Summer’s arrived and so too has the world’s most exclusive convertible – the Bugatti Veyron Grand Sport is here for you
The Bugatti Veyron needs no introduction. It’s the car that changed the world in 2005 when VW finally tamed the eight-litre W16 engine pumping out 1001hp and proved the doubters wrong with a landmark of engineering. It’s still as fresh as the day it was born and now it just got better. Because now it comes al fresco.
OK so the removable hard top doesn’t fit in the luggage compartment and there’s a snazzy carbon-fibre umbrella to stick on top of the car when it rains, limiting the car to just 100mph. But that’s going to be just about the only criticism on this page.
That aside the Veyron retains its sledgehammer impact thanks to a design nobody dared copy. The bullshark nose isn’t conventionally pretty, but that and the muscular curves add up to a cohesive vision of power and the elegance lies in its simplicity.
Of course it’s gorgeous because it was made that way, but also because of what it represents. This is the ultimate road car, the daddy, the King of the Jungle, and Bugatti test driver Olivier Thevenin put it best. “You can drive past a supercar, any supercar, and you look at each other, and you know, and they know. You understand each other.”
Owning a Bugatti makes you the best, it makes your dad harder than everyone else’s and wins the Top Trumps scuffle every time out.
On a quiet backroad and with a quiet nod from Thevenin I floor the throttle, and life changes forever. The needle on that laugh riot of a power meter swings round to the full 1001hp with circus hammer intent and the whole car bolts forward.
Under the surface an array of limited slip diffs, Haldex clutches and four-wheel-drive battle with physics to stop that power simply planting the driver into the nearest tree, but from behind the wheel the car just launches at the horizon.The 60mph mark falls in 2.7s, 0.2s slower than the hard-top, 125mph slides past in 7.3 and it would have nailed 186mph in 16.7s without the slightest quiver.
The only way to know the sheer stupidity of what’s going on is the skin tightening on the neck and the stomach impacting on the seat. Straights just disappear and as soon as the sheer insanity starts to kick in, the horizon has arrived and it’s time to jump on the 400mm front ceramic brakes and send eyeballs careering towards the windscreen.
In the corners, too, this car is immense. Yes it weighs 1,990kg yet it corners with the grace and poise of an oversized Lotus Elise. It won’t oversteer, it’s just too graceful for that, but it will pummel the laws of nature and carry simply insane speeds through a bend, and that’s without engaging handling mode that raises the rear wing, drops the front and sends the car to a whole new level of mental.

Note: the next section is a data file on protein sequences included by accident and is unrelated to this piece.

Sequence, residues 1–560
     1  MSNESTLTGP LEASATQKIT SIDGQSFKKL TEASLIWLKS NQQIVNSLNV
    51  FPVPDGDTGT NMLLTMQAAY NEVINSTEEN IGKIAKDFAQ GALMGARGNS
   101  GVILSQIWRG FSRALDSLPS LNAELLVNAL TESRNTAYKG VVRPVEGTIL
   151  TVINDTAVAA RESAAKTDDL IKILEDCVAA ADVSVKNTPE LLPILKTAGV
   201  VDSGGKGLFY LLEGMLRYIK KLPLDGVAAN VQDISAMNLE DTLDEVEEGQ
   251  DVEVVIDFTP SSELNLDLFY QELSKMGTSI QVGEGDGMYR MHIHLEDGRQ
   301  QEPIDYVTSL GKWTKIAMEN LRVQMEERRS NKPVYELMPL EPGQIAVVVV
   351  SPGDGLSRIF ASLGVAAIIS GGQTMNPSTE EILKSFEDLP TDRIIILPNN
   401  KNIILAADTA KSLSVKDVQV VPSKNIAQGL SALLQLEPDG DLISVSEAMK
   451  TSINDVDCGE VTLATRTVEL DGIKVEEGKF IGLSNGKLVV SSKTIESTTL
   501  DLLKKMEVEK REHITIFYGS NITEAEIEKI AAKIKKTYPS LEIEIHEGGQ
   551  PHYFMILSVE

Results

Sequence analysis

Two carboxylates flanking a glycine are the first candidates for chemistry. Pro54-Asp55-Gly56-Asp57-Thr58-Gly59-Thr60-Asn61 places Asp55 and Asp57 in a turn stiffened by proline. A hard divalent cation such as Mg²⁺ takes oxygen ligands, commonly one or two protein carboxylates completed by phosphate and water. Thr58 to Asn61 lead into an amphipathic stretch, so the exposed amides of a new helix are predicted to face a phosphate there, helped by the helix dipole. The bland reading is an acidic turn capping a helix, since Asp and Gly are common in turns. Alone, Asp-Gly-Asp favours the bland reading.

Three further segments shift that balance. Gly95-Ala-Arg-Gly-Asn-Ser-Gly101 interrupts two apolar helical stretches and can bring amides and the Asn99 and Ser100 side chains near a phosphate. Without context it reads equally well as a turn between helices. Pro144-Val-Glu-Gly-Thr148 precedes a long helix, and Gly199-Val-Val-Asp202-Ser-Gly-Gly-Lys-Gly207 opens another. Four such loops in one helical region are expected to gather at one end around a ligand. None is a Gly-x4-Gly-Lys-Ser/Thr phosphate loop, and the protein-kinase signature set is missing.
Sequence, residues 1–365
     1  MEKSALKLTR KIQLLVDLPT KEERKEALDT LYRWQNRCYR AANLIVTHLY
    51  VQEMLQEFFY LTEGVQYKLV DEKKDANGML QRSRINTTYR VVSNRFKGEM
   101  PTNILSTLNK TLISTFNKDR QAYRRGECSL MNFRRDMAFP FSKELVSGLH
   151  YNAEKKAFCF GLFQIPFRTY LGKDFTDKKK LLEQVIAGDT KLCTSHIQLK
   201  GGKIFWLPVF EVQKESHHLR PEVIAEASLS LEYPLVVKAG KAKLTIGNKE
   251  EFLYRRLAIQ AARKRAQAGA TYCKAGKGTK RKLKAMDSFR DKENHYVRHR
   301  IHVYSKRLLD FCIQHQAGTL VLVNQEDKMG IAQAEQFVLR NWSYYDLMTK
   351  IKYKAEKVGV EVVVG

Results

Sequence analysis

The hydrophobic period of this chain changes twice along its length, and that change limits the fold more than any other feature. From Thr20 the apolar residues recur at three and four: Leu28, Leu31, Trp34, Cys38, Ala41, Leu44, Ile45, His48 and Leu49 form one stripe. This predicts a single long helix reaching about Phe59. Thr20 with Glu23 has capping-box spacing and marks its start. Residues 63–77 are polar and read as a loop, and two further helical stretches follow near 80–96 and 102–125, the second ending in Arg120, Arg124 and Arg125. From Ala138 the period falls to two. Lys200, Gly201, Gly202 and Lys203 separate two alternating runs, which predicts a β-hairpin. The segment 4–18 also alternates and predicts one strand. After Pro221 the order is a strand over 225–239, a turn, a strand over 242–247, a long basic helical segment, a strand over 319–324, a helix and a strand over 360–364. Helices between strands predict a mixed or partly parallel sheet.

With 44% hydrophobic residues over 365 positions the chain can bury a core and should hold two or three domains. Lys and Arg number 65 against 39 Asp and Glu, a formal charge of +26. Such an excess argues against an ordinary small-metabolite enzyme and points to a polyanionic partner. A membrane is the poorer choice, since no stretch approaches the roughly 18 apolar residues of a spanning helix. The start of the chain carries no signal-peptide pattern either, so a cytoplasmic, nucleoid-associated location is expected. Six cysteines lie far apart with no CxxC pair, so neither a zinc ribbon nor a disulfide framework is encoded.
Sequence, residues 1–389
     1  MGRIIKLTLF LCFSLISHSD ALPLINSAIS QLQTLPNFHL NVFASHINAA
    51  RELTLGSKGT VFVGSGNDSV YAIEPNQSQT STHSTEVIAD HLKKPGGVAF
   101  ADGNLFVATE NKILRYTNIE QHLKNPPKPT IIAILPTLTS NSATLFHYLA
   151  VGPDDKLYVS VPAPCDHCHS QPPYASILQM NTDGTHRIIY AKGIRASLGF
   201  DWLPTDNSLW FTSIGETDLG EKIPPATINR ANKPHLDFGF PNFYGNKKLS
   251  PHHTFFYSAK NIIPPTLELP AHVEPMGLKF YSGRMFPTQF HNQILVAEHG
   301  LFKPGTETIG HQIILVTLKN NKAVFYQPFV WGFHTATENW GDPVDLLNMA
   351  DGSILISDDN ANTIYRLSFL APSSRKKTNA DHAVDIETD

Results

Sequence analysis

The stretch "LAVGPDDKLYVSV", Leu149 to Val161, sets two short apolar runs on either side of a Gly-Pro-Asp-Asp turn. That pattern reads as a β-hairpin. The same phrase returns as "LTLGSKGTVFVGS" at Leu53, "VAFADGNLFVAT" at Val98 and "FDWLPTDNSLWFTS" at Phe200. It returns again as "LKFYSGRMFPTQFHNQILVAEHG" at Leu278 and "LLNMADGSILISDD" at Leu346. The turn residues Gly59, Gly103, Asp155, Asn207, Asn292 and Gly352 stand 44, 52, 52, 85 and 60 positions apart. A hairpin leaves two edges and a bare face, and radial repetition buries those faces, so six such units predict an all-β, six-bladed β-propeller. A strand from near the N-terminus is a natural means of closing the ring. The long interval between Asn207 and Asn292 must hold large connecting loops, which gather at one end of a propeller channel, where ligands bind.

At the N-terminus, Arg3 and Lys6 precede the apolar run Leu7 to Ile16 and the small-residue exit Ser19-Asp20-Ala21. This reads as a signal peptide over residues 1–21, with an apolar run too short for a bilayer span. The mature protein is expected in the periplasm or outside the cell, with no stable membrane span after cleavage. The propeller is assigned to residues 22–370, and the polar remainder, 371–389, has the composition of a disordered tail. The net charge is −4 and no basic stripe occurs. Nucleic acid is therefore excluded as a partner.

Ride and Handling
There are lots of cars that can power beyond 200mph now, although the Veyron is still the daddy of the lot. But perhaps the most impressive part is the way it handles 5mph along the Porto Cervo harbour, the tight and winding streets of Olbia and the broken building sites that Sardinians call byways.
Comfortably in ‘D’, there’s no supercar lurches down the road in full view of a million people, no ridiculous engine complaints and the Veyron is every bit as comfy and easy to drive as a VW Golf. Even the engine barely whispers, instead there’s an assortment of electrical whines and whinnies, but nothing from the eight-litre W16 until you really let rip.
Veyrons tend to hit high mileage, because it really is a car that you can take to the shops. It won’t carry shopping, admittedly, but it will take you there with ease and this is a car that has covered continents and kept its occupants as fresh as well pampered daisies.
There aren’t 5,000 switches on the interior of the Veyron and in fact it’s remarkably clean. There aren’t even that many options – you go for the €400,000 Hermes leather, or you don’t.
That aside the carbon-fibre sports seats are more luxurious than most lounges, the perfect switchgear is totally unique and then there’s the DSG gearstick that makes everything from the promenade to pole position a cinch.
Of course for this price you’d expect perfection, and that is what you get – apart from a luggage compartment that could take a briefcase, at a stretch.
Economy and Safety
An eight-litre, quad turbocharged engine with 1001hp and 922lb/ft of torque just isn’t going to be economical – that’s a fact.
At full speed it returns 2.7mpg and less than 10 is par for the course, but then driven in higher gears on tickover it would return much better figures. But I didn’t, I just couldn’t, the temptation to plant the throttle, blat past a line of innocent bystanders and open up a porthole to a whole new world of time and space was just too tempting.
So it’s fair to say I was close to the 999g/km of CO2 emissions that are quoted for urban driving, which is enough to make a baby seal somewhere choke. As for safety, the Veyron lives up to VW’s exacting standards and is festooned with electronic saviours for when you do finally push the car beyond the limit.